[Proposal] Annotated assembly output

The following is a brief proposal for annotated assembly (and disassembly) output. Kevin Enderby and I have been discussing this a bit and are interested in getting broader feedback from interested folks.

    LLVM Rich Assembly Output

LLVM's (dis)assembly output is currently very raw. Consumers have limited ability to introspect the instructions' textual representation or to reformat for a more user friendly display. A lot of the actual instruction semantics are contained in the MCInstrDesc for the opcode, but that's not sufficient to reference into individual portions of the instruction text. For clients like disassemblers, list file generators, and pretty-printers, more is necessary than the raw instructions and the ability to print them.

The intent is for the vast majority of the new functionality to not require new APIS, but to be in the assembly text itself via markup annotations. The markup is simple enough in syntax to be robust even in the case of version mismatches between consumers and producers. That is, the syntax generally does not carry semantics beyond "this text has an annotation," so consumers can simply ignore annotations they do not understand or do not care about.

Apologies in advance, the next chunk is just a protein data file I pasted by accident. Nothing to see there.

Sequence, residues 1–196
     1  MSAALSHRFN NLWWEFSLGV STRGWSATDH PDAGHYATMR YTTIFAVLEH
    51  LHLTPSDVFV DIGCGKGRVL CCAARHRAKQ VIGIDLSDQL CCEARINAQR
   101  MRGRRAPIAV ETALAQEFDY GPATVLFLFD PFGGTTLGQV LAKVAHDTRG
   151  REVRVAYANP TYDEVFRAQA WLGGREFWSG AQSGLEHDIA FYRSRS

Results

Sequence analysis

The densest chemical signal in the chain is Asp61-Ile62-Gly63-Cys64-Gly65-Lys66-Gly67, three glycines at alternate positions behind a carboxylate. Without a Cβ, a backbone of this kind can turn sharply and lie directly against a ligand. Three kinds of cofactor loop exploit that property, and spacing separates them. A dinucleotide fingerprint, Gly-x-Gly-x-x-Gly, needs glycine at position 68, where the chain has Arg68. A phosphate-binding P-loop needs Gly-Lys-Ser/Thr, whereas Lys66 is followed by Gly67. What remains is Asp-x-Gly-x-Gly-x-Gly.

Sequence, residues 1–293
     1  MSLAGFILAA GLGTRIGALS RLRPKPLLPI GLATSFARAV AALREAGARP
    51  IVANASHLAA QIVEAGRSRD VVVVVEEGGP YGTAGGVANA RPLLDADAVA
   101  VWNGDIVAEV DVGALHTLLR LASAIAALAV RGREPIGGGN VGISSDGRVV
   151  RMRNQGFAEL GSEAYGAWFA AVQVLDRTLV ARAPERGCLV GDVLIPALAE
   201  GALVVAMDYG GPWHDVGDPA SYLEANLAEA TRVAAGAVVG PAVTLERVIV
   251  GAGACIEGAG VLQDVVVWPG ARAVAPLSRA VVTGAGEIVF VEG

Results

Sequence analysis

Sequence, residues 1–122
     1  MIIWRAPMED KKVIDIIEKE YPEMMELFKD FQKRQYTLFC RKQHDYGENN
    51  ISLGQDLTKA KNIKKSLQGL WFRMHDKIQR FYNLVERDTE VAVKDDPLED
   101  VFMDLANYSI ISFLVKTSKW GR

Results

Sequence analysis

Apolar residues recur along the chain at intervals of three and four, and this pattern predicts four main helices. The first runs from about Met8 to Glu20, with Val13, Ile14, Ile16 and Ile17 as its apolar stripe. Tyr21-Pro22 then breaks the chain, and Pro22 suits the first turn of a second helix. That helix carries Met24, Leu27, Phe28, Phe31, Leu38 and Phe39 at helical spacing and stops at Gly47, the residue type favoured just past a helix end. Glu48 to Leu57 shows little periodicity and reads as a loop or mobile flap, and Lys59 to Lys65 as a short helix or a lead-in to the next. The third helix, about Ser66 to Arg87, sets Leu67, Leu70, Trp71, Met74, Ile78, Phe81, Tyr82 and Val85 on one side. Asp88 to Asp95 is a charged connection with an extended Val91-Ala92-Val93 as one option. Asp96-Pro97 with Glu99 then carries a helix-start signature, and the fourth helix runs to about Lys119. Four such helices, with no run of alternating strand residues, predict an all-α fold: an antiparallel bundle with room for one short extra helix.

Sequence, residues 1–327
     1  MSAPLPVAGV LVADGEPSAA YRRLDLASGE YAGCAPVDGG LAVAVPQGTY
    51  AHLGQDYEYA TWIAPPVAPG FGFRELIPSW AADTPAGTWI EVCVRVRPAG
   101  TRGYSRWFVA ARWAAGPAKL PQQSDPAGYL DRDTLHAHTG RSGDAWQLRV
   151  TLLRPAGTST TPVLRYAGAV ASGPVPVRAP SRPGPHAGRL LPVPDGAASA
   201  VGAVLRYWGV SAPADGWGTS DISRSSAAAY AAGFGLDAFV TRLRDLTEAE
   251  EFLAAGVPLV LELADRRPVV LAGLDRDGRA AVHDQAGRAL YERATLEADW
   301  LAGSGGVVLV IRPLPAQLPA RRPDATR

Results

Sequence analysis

** Instruction Annotations

Annoated assembly display will supply contextual markup to help clients more efficiently implement things like pretty printers. Most markup will be target independent, so clients can effectively provide good display without any target specific knowledge.

Annotated assembly goes through the normal instruction printer, but optionally includes contextual tags on portions of the instruction string. An annotation is any '<' '>' delimited section of text(1).

annotation: '<' tag-name tag-modifier-list ':' annotated-text '>'
tag-name: identifier
tag-modifier-list: comma delimited identifier list

The tag name is an identifier which gives the type of the annotation. For the first pass, this will be very simple, with memory references, registers, and immediates having the tag names "mem", "reg", and "imm", respectively.

The tag modifier list is typically additional target-specific context, such as register class.

Clients should accept and ignore any tag names or tag modifiers they do not understand, allowing the annotations to grow in richness without breaking older clients.